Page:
Ask for help to lay aside whatever expectations or fears you might have about how you’re received. We probably won’t validate everything you say or agree with everything you feel. It we did that, we’d be operating outside our identities, bringing temporary comfort but no lasting brotherhood.

Being your family takes as much courage for us as is does for you to trust us to BE your family. (That sentence is a doozy–sorry. Basically, we’re all learning courage in being exactly who we are.)

There might be a small moment or two of angst. There might be a hot word or a spat. Someone might cry, or need a little time to process. But no one is going to run. No one is going to leave, or give up. What’s happening in you has almost definitely happened, on some level, inside of us too.

Our promise to you is—if you want—to help you build the bridge and take the climb to step out of this particular cave on our way up the mountain.

I really feel we need to pray together: pray about disillusionment. Pray for healing from whatever idol we once built about the idea of family that has been torn down as we’ve actually bravely begun to WALK OUT the real heavenly Family of God.

Pray that the Father Himself wins inside each heart, that mercy and humility and unity overcome, and that peace and rest can reign in places that right now are anything but calm.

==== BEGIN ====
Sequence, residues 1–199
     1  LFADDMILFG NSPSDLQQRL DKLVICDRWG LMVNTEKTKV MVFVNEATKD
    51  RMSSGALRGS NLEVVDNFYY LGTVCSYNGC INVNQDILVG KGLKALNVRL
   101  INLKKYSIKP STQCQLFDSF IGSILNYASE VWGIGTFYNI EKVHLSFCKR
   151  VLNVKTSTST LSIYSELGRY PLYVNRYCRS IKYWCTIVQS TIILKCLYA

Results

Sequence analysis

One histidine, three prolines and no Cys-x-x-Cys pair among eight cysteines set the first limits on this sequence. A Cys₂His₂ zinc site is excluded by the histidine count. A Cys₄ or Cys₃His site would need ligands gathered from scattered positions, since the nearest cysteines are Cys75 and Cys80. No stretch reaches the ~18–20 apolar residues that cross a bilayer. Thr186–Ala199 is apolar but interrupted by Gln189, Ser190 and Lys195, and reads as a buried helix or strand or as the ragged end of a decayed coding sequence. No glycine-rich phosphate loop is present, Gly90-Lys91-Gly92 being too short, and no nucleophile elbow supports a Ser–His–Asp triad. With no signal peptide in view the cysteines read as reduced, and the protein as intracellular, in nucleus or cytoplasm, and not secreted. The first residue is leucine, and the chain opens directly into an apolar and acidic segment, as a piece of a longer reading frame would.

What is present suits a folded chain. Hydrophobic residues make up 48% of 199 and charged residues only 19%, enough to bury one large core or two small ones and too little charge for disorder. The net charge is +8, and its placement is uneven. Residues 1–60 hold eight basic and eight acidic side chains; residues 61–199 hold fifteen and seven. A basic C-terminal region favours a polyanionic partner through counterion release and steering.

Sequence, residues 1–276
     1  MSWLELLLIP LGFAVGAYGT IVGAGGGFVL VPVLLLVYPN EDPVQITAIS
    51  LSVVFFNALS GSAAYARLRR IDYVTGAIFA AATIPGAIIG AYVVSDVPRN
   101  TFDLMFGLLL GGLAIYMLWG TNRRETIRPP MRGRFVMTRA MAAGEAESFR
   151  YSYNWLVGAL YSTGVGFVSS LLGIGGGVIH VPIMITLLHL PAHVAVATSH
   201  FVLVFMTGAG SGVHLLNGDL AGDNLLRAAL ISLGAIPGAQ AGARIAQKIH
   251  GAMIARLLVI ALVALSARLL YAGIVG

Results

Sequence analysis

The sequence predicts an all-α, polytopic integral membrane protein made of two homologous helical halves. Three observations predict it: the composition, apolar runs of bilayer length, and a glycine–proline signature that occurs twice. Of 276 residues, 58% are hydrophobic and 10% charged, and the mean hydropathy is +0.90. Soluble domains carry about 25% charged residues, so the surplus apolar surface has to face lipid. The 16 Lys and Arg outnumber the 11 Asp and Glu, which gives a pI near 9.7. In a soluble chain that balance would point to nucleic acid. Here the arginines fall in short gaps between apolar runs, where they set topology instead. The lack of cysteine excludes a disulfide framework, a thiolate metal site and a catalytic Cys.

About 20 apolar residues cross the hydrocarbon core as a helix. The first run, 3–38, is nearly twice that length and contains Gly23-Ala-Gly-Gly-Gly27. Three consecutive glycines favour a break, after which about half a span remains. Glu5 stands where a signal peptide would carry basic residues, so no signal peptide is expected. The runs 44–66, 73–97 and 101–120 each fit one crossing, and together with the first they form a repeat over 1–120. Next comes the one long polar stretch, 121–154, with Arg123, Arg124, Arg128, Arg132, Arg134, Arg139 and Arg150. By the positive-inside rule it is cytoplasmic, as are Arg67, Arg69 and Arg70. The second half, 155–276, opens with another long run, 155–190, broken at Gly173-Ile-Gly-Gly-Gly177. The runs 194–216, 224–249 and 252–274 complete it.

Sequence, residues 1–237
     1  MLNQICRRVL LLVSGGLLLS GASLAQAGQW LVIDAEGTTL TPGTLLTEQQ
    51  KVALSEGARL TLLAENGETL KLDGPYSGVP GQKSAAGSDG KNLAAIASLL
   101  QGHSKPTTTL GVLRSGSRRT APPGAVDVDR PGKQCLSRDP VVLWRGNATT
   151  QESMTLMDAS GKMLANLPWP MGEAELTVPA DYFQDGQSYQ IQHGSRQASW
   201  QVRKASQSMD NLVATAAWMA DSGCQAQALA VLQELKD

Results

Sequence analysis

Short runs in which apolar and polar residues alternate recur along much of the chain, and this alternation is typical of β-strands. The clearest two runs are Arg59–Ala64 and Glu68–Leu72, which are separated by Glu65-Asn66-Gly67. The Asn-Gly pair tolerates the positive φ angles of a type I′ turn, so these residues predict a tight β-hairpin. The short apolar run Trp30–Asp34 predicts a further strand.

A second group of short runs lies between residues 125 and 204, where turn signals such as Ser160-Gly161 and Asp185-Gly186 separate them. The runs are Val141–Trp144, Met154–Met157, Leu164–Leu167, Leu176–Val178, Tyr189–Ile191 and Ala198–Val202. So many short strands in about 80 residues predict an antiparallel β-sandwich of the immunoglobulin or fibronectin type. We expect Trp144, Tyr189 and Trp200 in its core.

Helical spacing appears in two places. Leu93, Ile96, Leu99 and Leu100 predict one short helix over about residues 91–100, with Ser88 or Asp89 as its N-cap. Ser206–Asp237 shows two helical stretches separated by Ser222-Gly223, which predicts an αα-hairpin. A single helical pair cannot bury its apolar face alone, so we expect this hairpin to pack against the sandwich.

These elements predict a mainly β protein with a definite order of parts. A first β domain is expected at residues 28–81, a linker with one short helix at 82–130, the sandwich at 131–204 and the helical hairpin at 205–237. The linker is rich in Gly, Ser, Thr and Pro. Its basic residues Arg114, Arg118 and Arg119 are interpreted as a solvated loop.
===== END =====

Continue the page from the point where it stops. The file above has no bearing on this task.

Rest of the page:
Our family is strong because it is literally BUILT and SUSTAINED by the person of Jesus, revealed in our practice and ever-deepening maturity. Let’s give each other room, let’s commit to communicate, and let’s each hold our own part of things.

I believe in what He’s doing. I always will.

Like Vampires in the Sun

Daughters well-seated in Home do not prefer imagined conversations to real ones.

Have you ever had a conversation with someone who isn’t in the room?

Like, you’re engaging them in your head,
sparing and defending
projecting their responses
through your own judgments and grudges,
entertaining the fantasy that they are entirely wrong
and you are entirely right.

I do that a lot.
Not on purpose.
It just happens when I let my mind drift.

I can always tell what’s really going on inside of me
if I’m arguing with someone in my head.

I hear their imagined words in my head
arguments spawned out of my heartache
and I answer them audibly
over my steering wheel
over my dishes.

Often my kids say,
“Mama, who are you talking to?”
And I say, “myself.”

I lie, and I tell the truth.

In that moment,
I am always full of confusion and heartache.

Paul calls these moments logismos:
vain imaginations
They are the bitter bricks that strongholds and fortresses are made of.